Do you know what Haze Ransomware is?
If you were introduced to a notification suggesting that Haze Ransomware has slithered in and corrupted your personal files, do not rush to panic. The chances are that your personal files are just fine. Our research team has tested the suspicious infection, and it appears that the worst it can do is lock your screen to introduce you to bogus information. Unfortunately, with so many real file-encrypting ransomware circulating the web, some users are likely to be tricked. If your operating system is currently corrupted by this malware, do NOT pay attention to the bogus warning. Instead, read this report to understand how this threat works and how you can delete it from your Windows operating system. If you cannot wait to remove Haze Ransomware, find the instructions below.
Haze Ransomware can be compared to Warning Screen Locker, Cryptodark Ransomware, Whycry Ransomware, and similar infections that produce bogus warnings just to make users give up their money. Before that, of course, this malware needs to slither in, and it appears that the malicious ransomware is most likely to enter your operating system via spam emails carrying the installer, or it could be infiltrated using unsafe RDP configurations. As soon as the threat is executed, it locks the screen to display a scary, flashing skull image with a notification that reads: “Press any key.” If a key is pressed, Haze Ransomware then displays a bogus notification informing the victim that “harddisks” were locked using a military-grade encryption algorithm. Of course, that is likely to catch your attention. In reality, your computer is not locked, and you can use the Win+D key combination to exit the window representing the ridiculous notification.
The purpose behind Haze Ransomware is to make you share your email address and pay a ransom of 25 Euro using Paysavecard. A service by the name “Paysavecard” does not even exist (it is “Paysafecard”), which only shows how amateur the creator of this ransomware is. If you paid the ransom, a key would not be provided to you even if your files were encrypted. Speaking of file-encrypting, we cannot guarantee that your files are completely safe. There is always a possibility that this bogus file-encryptor will be upgraded in the future. Due to this, we strongly recommend checking first if your personal files were corrupted. If they were, you might choose to focus on recovering them, but you must not forget that you need to delete Haze Ransomware as well. This infection is controlled by cyber criminals, and you do not want them to have any links to your operating system.Haze Ransomware screenshot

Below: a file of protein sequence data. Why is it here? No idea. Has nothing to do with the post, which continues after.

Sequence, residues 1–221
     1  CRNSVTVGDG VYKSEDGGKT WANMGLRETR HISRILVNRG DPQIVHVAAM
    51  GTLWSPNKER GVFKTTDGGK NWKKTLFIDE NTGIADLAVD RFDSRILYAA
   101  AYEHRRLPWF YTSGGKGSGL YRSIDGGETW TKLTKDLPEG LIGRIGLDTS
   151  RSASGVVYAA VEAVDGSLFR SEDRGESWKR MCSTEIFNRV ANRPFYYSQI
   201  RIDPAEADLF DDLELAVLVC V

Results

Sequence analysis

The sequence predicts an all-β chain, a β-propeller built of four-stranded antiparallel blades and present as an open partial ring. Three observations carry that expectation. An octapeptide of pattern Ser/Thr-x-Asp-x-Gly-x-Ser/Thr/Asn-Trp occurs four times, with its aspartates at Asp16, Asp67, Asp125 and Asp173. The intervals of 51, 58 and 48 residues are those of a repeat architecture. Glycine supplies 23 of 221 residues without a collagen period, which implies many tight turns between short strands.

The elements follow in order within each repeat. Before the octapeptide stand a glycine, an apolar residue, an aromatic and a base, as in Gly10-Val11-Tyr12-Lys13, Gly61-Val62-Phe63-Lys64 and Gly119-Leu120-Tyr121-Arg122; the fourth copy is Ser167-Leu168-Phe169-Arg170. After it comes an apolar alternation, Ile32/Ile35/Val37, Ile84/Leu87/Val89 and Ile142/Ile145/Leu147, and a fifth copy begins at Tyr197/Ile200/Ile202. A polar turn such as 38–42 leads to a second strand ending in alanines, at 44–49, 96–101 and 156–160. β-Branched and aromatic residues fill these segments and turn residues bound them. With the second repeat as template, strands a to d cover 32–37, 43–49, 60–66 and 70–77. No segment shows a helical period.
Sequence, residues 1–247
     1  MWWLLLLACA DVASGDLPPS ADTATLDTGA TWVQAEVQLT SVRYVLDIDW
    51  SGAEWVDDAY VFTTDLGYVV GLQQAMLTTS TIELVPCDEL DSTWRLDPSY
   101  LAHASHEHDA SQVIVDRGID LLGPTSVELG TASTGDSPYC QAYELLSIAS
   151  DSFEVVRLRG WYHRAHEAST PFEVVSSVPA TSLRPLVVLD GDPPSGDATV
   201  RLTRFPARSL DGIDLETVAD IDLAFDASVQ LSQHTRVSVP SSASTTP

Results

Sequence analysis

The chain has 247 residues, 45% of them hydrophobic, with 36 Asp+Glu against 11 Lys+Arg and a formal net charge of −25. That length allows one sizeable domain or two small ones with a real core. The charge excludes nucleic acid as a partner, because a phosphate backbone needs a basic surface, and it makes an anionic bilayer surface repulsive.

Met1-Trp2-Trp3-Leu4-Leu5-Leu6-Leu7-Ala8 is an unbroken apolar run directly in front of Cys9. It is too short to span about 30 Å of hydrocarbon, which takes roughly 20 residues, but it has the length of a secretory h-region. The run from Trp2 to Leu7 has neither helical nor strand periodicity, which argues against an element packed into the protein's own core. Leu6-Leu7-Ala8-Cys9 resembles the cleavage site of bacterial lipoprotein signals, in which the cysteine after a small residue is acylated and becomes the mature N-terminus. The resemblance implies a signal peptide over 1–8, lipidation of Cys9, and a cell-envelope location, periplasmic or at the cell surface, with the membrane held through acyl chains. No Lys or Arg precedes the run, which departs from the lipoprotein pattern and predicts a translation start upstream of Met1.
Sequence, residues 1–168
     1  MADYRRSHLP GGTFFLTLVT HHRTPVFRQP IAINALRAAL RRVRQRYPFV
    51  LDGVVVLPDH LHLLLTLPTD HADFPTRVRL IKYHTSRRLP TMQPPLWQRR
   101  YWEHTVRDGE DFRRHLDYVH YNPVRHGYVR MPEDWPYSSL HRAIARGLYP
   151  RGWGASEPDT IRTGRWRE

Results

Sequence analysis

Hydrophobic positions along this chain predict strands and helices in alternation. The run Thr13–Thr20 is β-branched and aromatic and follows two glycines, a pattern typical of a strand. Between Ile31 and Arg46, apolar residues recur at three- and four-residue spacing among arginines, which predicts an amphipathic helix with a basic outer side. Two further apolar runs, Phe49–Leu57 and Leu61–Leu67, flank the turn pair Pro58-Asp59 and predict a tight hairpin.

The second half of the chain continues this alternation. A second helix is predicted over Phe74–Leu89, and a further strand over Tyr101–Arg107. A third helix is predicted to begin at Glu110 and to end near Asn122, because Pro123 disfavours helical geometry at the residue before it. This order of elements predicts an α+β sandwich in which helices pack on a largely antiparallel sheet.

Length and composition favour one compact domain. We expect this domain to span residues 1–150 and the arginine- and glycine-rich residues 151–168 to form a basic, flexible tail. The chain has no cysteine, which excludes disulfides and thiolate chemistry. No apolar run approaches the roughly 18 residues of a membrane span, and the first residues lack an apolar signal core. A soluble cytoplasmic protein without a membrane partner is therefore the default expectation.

Scroll down for full removal instructions
If you manage to close the window representing the bogus Haze Ransomware notification and then find and remove the malicious launcher, eliminating the infection manually should not be a complicated task for you. Of course, not all users will be able to delete Haze Ransomware manually. If you are having issues with that, you should install anti-malware software, and you should do it now. Hopefully, the screen-locker is the only threat that has invaded your operating system, but if other infections exist, the anti-malware tool you install should be able to uncover and delete all of them. Of course, that depends on the tool that you employ. You need to be cautious about the software you install and trust because if you are careless, you might end up installing malware.
Remove Haze Ransomware
- Simultaneously tap keys Win+D to access Desktop.
- Right-click the window representing the ransomware and select Close window (alternatively, you can launch Task Manager and kill the process named HazerRahsomeware.exe).
- Identify the launcher of the ransomware (its name and location are random).
- Right-click and Delete this malicious file.
- Empty Recycle Bin to eliminate the malicious components.
- Install a legitimate malware scanner to quickly inspect your operating system if it is clean.
In non-techie terms:
Haze Ransomware is a malicious infection that was created by malware developers to trick you into paying money for something that does not exist and something that you do not need. The current version of this malicious threat is unable to encrypt files, but it claims that data is encrypted and that it can be freed only if the victim paid the ransom of 25 Euros. That is just a scam, and your files should not be encrypted. Of course, instead of relying on our word, you should close the screen-locking window and look at your files yourself to see if or not they are encrypted. Hopefully, they are not, and the only thing you need to worry about is the removal of Haze Ransomware. Deleting this infection should not be difficult, and we are sure that most users will be able to get rid of this threat using the guide above. Of course, using anti-malware software is the better option because besides ensuring automatic removal of all existing threats, this software can also take care of full-time protection.